Could ELEA finally be held to account for their actions against the public trust? Only time can tell.
author: Nick Maxwell
(LEA COUNTY, NM) -- A statement made on Thursday by the Democratic Party of New Mexico has alleged, without evidence, the criminal theft of gypsum sand from White Sands National Monument; meanwhile, Democrat Party member John Heaton is alleged as having a leading role in a criminal conspiracy to stage a less-than-competitive public bidding process in southeastern New Mexico, which resulted in the public's procurement of a revenue sharing kickback from a private company, Holtec International. Holtec has begun the regulatory process for siting a multibillion-dollar facility to purportedly consolidate all the nation's nuclear reactor waste in Lea County.
The author begs a question: why hasn't that aforementioned kickback seen a criminal investigation initiated by a political party so vehemently affixed on discovering and exposing true crime?
Holtec's revenue sharing arrangement, recently touted at a meeting of a state legislative committee, had been quietly drafted with tax dollars and slipped to the private company without the public's knowledge in a scheme plotted by a tax-funded enterprise: the Eddy-Lea Energy Alliance LLC.
The energy alliance, abbreviated as ELEA, is a government-owned limited liability company formed in 2006 and has been long-chaired by former Democratic state representative John Heaton.
For months, ELEA is recorded as having transmitted copies of a "Land Purchase Option Agreement" to Holtec, including a numbered "Section 8" describing their preferred revenue sharing arrangement. Then, ELEA had sponsored a 10-day public bidding process spanning over two weekends and beginning on the day after Christmas. One of ELEA's mandated requirements for prospective bidders was that their proposals had to describe a revenue sharing arrangement. At the end of the 10-day public bidding period, Holtec had submitted the lone proposal to ELEA. In doing so, Holtec kicked back the entire pre-agreed Land Purchase Option Agreement and had submitted ELEA's iconic section 8 as their own revenue sharing proposal without bothering to change the section number.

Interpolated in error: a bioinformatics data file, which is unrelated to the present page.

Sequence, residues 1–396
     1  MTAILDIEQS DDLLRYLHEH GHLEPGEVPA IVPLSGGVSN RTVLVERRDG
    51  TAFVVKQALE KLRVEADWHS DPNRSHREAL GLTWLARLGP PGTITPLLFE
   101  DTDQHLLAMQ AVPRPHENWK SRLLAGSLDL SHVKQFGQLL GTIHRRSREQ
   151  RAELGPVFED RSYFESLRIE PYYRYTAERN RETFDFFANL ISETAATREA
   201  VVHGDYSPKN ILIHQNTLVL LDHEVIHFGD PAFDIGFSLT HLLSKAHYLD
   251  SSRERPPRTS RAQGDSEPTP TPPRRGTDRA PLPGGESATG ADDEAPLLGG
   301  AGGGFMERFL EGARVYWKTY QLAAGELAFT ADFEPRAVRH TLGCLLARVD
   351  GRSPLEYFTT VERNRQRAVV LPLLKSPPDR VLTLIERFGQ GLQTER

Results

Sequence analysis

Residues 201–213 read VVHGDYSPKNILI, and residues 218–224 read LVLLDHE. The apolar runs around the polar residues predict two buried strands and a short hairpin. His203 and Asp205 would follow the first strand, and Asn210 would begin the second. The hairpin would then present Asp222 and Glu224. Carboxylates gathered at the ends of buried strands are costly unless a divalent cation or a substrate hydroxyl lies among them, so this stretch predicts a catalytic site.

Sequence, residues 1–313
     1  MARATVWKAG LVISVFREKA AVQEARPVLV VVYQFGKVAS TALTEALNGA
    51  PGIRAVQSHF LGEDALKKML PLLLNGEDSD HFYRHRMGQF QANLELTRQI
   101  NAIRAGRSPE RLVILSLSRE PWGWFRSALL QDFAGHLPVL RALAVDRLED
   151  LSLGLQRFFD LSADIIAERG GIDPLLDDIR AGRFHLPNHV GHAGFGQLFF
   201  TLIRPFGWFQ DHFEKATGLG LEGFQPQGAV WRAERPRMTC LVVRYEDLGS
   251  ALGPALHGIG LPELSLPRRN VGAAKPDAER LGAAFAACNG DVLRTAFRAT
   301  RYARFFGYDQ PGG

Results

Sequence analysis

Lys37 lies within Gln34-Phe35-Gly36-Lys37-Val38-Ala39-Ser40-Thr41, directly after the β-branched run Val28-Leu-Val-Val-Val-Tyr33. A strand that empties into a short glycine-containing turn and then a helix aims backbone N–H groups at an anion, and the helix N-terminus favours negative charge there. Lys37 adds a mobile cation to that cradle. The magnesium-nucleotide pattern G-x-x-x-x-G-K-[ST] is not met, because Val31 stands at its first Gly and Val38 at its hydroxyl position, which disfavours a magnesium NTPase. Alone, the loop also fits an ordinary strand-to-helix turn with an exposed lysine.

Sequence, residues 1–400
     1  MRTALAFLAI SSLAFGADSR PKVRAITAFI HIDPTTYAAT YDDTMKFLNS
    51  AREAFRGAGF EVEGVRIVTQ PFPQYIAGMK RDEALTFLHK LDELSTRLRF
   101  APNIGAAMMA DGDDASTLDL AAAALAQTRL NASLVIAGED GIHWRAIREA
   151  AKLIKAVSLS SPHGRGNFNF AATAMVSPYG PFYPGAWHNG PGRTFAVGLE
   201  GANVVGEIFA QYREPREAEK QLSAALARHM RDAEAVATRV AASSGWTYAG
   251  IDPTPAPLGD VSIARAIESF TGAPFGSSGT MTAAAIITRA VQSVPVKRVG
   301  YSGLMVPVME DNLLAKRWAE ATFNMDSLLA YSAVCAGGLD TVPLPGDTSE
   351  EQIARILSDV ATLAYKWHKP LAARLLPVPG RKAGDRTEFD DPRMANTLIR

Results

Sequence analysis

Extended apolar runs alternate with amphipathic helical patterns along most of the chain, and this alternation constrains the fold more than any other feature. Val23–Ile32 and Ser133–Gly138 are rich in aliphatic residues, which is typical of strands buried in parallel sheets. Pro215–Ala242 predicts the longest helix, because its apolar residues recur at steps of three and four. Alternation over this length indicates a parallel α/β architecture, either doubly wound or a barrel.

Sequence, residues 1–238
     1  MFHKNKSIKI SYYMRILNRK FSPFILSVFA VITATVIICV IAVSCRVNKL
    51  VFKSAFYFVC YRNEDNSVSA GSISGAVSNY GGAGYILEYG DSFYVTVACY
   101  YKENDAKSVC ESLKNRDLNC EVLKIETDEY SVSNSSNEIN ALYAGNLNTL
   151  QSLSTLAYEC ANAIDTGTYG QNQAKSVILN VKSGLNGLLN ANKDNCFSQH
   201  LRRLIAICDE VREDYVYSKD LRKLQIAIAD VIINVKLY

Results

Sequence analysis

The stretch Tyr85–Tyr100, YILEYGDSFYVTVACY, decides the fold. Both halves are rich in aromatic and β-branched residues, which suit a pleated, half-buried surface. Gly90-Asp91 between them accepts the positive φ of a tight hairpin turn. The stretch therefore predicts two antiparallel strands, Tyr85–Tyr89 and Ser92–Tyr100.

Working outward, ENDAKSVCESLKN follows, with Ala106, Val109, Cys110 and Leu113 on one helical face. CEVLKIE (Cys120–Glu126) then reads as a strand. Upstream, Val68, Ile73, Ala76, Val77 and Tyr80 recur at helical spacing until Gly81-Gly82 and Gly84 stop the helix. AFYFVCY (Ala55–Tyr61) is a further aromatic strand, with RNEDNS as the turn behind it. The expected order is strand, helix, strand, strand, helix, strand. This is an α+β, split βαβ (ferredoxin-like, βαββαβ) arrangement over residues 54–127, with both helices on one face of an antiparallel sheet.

In July of this year, Lea County resident Nicholas Maxwell uncovered the scheme with his multiple public records requests and complained to the state's Democrat auditor, citing unlawful collusion and violations of the state's ethics law. In his complaint, Maxwell has requested the initiation of the auditor's special investigation into ELEA's allegedly less-than-competitive public bidding process. After nearly half a year from the filing, an investigative report has yet been released by the auditor.
Shortly after John Heaton and another former director led ELEA into approving Holtec's allegedly noncompetitive proposal, Heaton was honored with his name dedicated on the side of a new building cuddled up next to the Pecos River in Carlsbad, NM. Last month, Heaton was to be awarded for "distinguished public service" by the state's Democrat governor, despite her letter of opposition to the nuclear waste storage plot that he champions.
Maxwell remarked on the party's false statement: "Over the last three years, we've listened to Democrats scream collusion on the national scene. Now, solid evidence of a felonious conspiracy to violate the federal Sherman Act has wound over to the Democrats - how ironic does it become when they are uninterested in investigating real collusion if it comes in-part from a fellow party member?"
author: Nick Maxwell
(LEA COUNTY, NM) -- Governor Lujan Grisham disclosed a call from mid-month with the governor of New Jersey, whose administration froze state tax credits for nuclear firm Holtec International amid multiple developing investigations of more than one billion dollars in corporate tax subsidies awarded for stimulating the economic development of Camden, NJ. Holtec has sought to build a consolidated interim storage facility for high-level nuclear waste in Lea County, New Mexico.